Oregon to be a guest ot her moth
er, Mrs. Louie Bean, at the Royal
, Court apartment, for over the
? Christmas holidays. Miss Bearr is
'iSisma Kappa sorority-pledge.
Mrs. John J.'
w h os e wed
ding was a n
event of Sot-
land. - ,
Hal Hibbard Has
The regular social meeting of
Hal Hubbard Auxiliary U. S. W.
V. was held Friday afternoon at
the home of Mrs. John Bertelson.
The guest rooms were festive in
holiday attire. A short business,
meeting was foUowefl by ileVer'
contests carrying out' the Christ
mas idea. Mrs. C. T. Harrington
won in these games. During the
tea hour, each guest received a
gift from the lighted tree, while
the president, Mrs. Henry O. Mil
ler, received a gife for the society.
Refreshments were served by the
committee, Mrs. V. E. Newcomb,
and Mrs. L. Mickelson.
Those present were Mesdames:.
Henry O. Miller Charlea Brant
l.ulu Humphrey C. T. Harrington
Arthur Welch M. W. Baker
John Seymour R. C. Churchill
I,. Mickel&on K. K. Bncklei
V. E. Nevrnmb Frank Alley
F. A. Thompson Charles Cireen and
A. T. Woolpert Vn. Bertelson
Mrs. Henry W. Meyers has post
poned the large tea for which in
vitations had been extended for
Friday of this week. The date
for the tea is Indefinite.
The woman's Union of the
First Congregational church met
at the home of Mrs. W. I. Need
ham Wednesday evening and
elected officers for the coming
year. Dr. Fanny Brown Tibbits
wes elected president; Mrs. F. E.
Neer, treasurer; Mrs. F. D. Kibbe,
secretary; Mrs. George Rossman,
missionary leader, and Mrs. Bert
B. Flack, correspondent;
Tat tern 1700
Statesman 15c Practical Pattern
The dainty little bloomer-frock
model shown today has a fresh
charm all its own. The smartly
styled yoke, the shapely collar
and the cleverly p'aced pleats are
decided features of chic.
Suitable fabrics for the devel
opment of Design 1799 are ging
ham, pongee, dimity, pique and
linen. The collar and cuffs should
be mad of contrasting color or
white pique. "
May be obtained only in size 2,
4, 6 and 8. Size 4 requires 2U
yards ot 30 inch material and i
No dressmaking experience Is
necessary to make this model. The
pattern as ample and exaet in
structions. Yardage Is given for
every size. A perfect fit is guaranteed.
Patterns will b delivered apa.
receipt of fifteen rents ia coinr
carefully wrapped or atampf. ' Be. .
snra to writ plainly your mm,
ajldreaa, atyla camber and aiao '
Eook ia fifteen cenla, tat enly
ten cent when ordered with, a'
pattern. Add res ajl Mil and
rdera to Sta teaman Patters De
partment. ?43 West ltk atreet,
.Now York City. -
The Christmas holidays havej
- a t - Hut me Will
amette university campus. Nearly
every ne has gone home for
Christmas, or has arcentPit tnvi-
.Wjons to homes of fritjnds.
the biggest things that
will -happen during' the holidays
of university interest is the alum
nae. banquet to be given at Henry
Thiele's restaurant in Portland at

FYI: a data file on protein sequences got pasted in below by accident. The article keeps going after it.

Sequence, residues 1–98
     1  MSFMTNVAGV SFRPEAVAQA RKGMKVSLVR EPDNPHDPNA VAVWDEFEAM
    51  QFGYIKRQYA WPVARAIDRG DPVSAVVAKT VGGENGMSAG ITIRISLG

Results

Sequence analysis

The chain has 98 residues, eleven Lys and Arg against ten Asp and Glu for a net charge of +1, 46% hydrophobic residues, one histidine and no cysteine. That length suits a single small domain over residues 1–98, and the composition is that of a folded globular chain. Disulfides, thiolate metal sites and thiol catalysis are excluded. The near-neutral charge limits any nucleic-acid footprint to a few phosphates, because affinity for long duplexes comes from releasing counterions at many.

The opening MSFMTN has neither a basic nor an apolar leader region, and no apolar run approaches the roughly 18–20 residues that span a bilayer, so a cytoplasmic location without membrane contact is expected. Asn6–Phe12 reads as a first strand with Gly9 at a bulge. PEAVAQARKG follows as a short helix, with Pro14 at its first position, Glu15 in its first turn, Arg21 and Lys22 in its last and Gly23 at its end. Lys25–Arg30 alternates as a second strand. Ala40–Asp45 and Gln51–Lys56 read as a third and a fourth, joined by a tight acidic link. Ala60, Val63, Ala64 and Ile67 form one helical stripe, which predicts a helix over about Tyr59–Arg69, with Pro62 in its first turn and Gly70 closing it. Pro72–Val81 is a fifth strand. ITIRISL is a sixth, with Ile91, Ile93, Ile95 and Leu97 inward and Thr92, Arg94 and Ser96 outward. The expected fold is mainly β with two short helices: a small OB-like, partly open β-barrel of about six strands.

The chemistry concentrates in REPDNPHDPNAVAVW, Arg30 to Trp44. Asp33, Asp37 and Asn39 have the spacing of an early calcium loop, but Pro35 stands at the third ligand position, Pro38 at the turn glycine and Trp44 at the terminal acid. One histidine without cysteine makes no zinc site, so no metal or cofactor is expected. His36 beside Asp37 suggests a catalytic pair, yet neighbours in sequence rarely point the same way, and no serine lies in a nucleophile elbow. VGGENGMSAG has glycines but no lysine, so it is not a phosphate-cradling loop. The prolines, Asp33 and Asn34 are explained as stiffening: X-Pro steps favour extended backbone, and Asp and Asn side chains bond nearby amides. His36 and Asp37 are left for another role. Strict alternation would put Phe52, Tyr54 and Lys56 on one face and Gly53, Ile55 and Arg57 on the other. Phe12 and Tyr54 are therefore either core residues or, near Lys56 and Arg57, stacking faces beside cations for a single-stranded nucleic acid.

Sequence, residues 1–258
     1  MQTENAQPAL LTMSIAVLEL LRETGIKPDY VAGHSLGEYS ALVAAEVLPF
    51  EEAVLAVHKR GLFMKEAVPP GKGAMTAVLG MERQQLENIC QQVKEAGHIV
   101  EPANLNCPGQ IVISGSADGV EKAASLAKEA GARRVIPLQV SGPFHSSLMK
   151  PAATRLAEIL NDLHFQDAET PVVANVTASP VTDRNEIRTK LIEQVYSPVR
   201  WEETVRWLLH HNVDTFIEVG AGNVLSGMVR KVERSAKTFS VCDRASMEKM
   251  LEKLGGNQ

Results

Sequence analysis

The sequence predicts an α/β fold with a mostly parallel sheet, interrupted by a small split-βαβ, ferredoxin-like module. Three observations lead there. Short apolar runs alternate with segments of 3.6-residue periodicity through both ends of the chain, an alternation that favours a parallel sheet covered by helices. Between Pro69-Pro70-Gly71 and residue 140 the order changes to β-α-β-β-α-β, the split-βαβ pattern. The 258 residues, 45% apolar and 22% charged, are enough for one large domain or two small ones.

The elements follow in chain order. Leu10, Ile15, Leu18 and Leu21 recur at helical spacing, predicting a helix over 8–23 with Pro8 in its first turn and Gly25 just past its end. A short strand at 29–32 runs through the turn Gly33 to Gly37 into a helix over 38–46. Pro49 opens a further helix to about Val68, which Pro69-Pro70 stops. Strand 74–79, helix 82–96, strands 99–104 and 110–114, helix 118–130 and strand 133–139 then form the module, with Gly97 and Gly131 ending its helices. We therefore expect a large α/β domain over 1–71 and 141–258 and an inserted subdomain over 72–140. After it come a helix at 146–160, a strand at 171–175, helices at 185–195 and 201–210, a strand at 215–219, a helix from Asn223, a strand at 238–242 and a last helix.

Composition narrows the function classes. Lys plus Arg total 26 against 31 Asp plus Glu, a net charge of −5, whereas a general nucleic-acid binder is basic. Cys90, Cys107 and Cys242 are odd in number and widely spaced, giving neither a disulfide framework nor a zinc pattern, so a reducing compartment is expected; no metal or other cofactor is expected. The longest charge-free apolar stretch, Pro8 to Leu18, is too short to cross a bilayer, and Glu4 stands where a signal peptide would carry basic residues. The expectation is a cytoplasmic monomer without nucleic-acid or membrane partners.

6 o'clock Monday. It is in compli
ment to the football team and for
alumnae. It is expected that 250
folk will attend the affair.
Miss Olive Dahl, dean of women
of Willamette and Miss Gale Cur
ry left for Seattle Saturday for
shopping and visit friends. They
will return to spend Christmas
here. Thursday Miss Dahl, Miss
Curry, Mrs. W. V. Johnston, Dr.
and Mrs. Molton Gatke. Miss Le
lia Johnston and Miss Lois Lati
mer will leave for De Lake where
they will spend the Christmas
week. They expect tq return
New Year's day.
WOODBURN Mrs. Oscar
Allen was hostess to the W. C. T.
U., Friday afternoon at her home
on Brown street. In the absence
of the president. Mrs. A. H. Dean,
the meeting was presided over by
the vice president ,Mrs. Rice.
Devotions were led by Mrs.
During the business session the
union voted to purchase Christ
mas seals. Appearing on the In
teresting program were Helen
Woodfin and Elizabeth Swigart,
Mrs. J. W. Woodfin, Mrs. Jeanette
Zimmerle, Marcile Love and little
Charlotte Mae Liresay concluded
the program with a reading. The
hostess was assisted with re
freshments by Mrs. Dave Jackson,
Mrs. D. H. Hawley and Elizabeth
GERVAIS Mr. and Mrs. Frank
Cannard were hosts to their card
club at their borne Thursday eve
ning, the time being spent playing
500. First prize went to Lawrence
Wargnier and the second prize to
Detvtna Wargnier. After " the
games Mrs. Cannnard served re
freshments to the following
guests: Mr. and Mrs. Ed Seharf
and children; Mr. and Mrs. Joe
Wargnier; Lawrence, Delvina,
Reuben, and Florence Wargnier,
Mr. and Mrs. Floyd Runcorn and
family, Mr. and Mrs. Lemming
and son of California.
The A. A. U. W. luncheon meet
ing at the Elks' Temple Saturday
at 12 o'clock proved a very in
teresting meeting. Miss Findley
gave a very, interesting discussion
concerning the conference for
prevention of war which she at
tended in Washington, D. C., Just
recently. There was a good at
tendance for this meeting.
Liberty school wilf give Us
Christmas program at the com
munity hall Monday evening at
8 o'clock. The operetta The
Magi's Gift" will be presented. .
jfi y ILSON'S arc making
v " a score of assort'
I Jl J merits of superlative
SS candies which have
a sort of inspired goodness about
them that does not perrnit .com'